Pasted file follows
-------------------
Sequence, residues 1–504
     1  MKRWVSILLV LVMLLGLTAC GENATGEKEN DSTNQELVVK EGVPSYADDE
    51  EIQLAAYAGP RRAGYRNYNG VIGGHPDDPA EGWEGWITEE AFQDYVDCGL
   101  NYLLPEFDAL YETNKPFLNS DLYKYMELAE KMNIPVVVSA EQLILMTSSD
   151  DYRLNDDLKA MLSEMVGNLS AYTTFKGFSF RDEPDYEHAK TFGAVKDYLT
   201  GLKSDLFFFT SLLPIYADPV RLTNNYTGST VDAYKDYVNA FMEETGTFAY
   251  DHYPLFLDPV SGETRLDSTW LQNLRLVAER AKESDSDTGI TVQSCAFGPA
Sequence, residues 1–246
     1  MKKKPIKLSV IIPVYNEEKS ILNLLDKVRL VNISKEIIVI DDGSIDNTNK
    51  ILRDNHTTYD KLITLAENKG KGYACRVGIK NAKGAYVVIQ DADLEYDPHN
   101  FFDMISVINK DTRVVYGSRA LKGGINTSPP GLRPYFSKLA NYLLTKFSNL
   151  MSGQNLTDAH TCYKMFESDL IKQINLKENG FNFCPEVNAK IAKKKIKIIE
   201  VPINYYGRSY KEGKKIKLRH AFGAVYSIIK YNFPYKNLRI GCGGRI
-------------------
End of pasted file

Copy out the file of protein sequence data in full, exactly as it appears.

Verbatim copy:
Sequence, residues 1–504
     1  MKRWVSILLV LVMLLGLTAC GENATGEKEN DSTNQELVVK EGVPSYADDE
    51  EIQLAAYAGP RRAGYRNYNG VIGGHPDDPA EGWEGWITEE AFQDYVDCGL
   101  NYLLPEFDAL YETNKPFLNS DLYKYMELAE KMNIPVVVSA EQLILMTSSD
   151  DYRLNDDLKA MLSEMVGNLS AYTTFKGFSF RDEPDYEHAK TFGAVKDYLT
   201  GLKSDLFFFT SLLPIYADPV RLTNNYTGST VDAYKDYVNA FMEETGTFAY
   251  DHYPLFLDPV SGETRLDSTW LQNLRLVAER AKESDSDTGI TVQSCAFGPA
Sequence, residues 1–246
     1  MKKKPIKLSV IIPVYNEEKS ILNLLDKVRL VNISKEIIVI DDGSIDNTNK
    51  ILRDNHTTYD KLITLAENKG KGYACRVGIK NAKGAYVVIQ DADLEYDPHN
   101  FFDMISVINK DTRVVYGSRA LKGGINTSPP GLRPYFSKLA NYLLTKFSNL
   151  MSGQNLTDAH TCYKMFESDL IKQINLKENG FNFCPEVNAK IAKKKIKIIE
   201  VPINYYGRSY KEGKKIKLRH AFGAVYSIIK YNFPYKNLRI GCGGRI